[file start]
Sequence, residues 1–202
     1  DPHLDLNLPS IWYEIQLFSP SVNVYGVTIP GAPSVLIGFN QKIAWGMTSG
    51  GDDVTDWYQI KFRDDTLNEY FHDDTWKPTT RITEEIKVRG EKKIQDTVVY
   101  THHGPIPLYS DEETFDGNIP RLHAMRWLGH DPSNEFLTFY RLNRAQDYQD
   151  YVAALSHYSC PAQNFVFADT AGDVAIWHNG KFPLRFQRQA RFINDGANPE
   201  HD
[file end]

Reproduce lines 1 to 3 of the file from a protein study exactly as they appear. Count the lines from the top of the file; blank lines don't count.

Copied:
Sequence, residues 1–202
     1  DPHLDLNLPS IWYEIQLFSP SVNVYGVTIP GAPSVLIGFN QKIAWGMTSG
    51  GDDVTDWYQI KFRDDTLNEY FHDDTWKPTT RITEEIKVRG EKKIQDTVVY